Vivendi Universal has been approached with a Euros 15bn offer for its entertainment assets by a consortium of businessmen - including oil billionaire Marvin Davis (pictured), the former owner of Twentieth Century Fox - but is refusing to sell. As a result, Vivendi shares ended the day (Thursday) up 21.2% in Paris at Euros 13.8 - the largest single-day rise for the company in years.
According to The Wall Street Journal the offer was for assets including Universal Studios, Universal Music as well as Vivendi's cable networks and theme park interests. The Journal said that Davis had pulled together a group of private-equity firms and that it had held some preliminary discussions in Paris last week with Vivendi Universal.
A Vivendi source told Reuters: "It is true that there was an approach, but these assets are not up for sale. The proposal did not interest the company."
However, the Euros 15bn bid - which additionally included the assumption of Euros 5bn of debt - could represent a possible alternative for Vivendi Universal as it weighs the fate of its entertainment assets. It is widely believed that the most common scenario is for Vivendi to put its entertainment holdings into a separate publicly traded company to be headed by Barry Diller. VU's chief Jean-Rene Fourtou announced in September than he was planning to spin off Vivendi Universal Entertainment, now headed by Diller, in order to float it on the NYSE.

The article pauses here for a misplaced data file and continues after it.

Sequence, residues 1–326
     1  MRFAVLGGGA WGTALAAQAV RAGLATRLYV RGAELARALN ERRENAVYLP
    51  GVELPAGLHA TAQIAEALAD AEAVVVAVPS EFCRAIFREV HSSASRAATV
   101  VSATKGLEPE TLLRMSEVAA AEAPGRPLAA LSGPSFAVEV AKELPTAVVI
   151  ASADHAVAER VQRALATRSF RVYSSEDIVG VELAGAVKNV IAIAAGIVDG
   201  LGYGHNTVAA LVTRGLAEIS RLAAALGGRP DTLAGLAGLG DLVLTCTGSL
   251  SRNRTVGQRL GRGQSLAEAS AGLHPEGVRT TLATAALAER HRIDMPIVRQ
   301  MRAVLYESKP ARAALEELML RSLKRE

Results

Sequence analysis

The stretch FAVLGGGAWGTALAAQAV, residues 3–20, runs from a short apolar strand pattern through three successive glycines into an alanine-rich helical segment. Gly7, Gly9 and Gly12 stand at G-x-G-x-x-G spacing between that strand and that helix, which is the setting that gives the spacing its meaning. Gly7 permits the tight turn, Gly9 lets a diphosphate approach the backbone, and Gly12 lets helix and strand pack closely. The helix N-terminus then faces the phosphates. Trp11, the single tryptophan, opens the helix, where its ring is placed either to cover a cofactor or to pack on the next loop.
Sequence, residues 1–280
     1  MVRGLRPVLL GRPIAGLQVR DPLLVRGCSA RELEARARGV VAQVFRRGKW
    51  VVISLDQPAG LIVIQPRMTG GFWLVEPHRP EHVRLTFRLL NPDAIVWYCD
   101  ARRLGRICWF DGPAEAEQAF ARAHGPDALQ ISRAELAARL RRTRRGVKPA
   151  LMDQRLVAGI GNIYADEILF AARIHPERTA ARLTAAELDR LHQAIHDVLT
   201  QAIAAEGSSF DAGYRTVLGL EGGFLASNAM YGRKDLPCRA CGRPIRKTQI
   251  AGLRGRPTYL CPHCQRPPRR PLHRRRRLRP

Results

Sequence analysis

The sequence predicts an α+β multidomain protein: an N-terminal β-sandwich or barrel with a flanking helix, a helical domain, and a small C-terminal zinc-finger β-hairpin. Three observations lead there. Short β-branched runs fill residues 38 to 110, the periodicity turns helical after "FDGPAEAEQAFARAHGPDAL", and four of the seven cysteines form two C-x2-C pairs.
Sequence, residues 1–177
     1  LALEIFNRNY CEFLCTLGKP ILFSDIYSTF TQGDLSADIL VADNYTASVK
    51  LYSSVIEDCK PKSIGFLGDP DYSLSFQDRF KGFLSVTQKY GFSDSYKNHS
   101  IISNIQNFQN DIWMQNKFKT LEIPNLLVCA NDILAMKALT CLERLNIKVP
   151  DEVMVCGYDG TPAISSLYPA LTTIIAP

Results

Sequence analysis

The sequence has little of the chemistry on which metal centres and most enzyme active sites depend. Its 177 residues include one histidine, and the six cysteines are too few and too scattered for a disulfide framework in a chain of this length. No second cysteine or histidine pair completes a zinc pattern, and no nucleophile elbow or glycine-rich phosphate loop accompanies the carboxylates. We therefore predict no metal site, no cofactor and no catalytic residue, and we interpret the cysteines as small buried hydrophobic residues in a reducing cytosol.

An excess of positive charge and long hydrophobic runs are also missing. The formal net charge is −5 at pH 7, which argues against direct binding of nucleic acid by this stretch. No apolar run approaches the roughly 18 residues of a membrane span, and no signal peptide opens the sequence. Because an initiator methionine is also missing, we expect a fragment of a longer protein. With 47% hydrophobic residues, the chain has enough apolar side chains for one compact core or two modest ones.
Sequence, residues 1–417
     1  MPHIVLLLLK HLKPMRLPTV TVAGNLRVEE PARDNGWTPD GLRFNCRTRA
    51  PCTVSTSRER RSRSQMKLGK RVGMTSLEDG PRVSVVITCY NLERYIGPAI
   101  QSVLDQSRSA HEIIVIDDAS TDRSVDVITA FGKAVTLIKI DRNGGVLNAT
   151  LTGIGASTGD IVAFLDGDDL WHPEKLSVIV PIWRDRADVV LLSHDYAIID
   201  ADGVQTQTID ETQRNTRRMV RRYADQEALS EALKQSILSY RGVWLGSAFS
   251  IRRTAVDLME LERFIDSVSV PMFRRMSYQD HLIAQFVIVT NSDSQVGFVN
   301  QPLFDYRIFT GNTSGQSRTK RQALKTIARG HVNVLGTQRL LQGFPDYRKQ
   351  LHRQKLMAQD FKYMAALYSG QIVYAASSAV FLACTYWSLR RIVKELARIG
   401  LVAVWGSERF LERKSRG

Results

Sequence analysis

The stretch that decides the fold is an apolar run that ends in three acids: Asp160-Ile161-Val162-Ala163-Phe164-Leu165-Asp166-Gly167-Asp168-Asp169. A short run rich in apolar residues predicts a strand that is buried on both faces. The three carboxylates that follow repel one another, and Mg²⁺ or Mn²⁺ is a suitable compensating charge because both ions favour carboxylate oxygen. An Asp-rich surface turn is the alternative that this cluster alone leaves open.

In a bid to reduce its Euros 19bn debt and drag itself out a 'junk' rating, the media and entertainment giant is currently fast shedding assets (some Euros 5bn to date). Vivendi Universal recently raised Euros 1bn by placing bonds to institutional investors and is closing in on the sale of 50% of its 40% stake in water utility company Vivendi Environnement for some Euro 1.8bn .
At the same time the group is seeking to raise funds in order to be in a position to pre-empt British telecom giant Vodaphone's Euros 4bn bid for the 26% stake held by British Telecom in cash-rich French telecoms company Cegetel.
Davis, 77, bought Twentieth Century Fox in 1981 for $724m, but in the early 80s the studio languished, producing few blockbusters. In the mid-1980s he hired Paramount Pictures movie chief Diller to run Fox. According to the Journal, the two strong willed executives clashed over a variety of issues. With Fox needing cash, Davis found a new partner in the form of Rupert Murdoch - who paid $250m for a 50% stake in Fox in 1985, increasing this to full ownership later.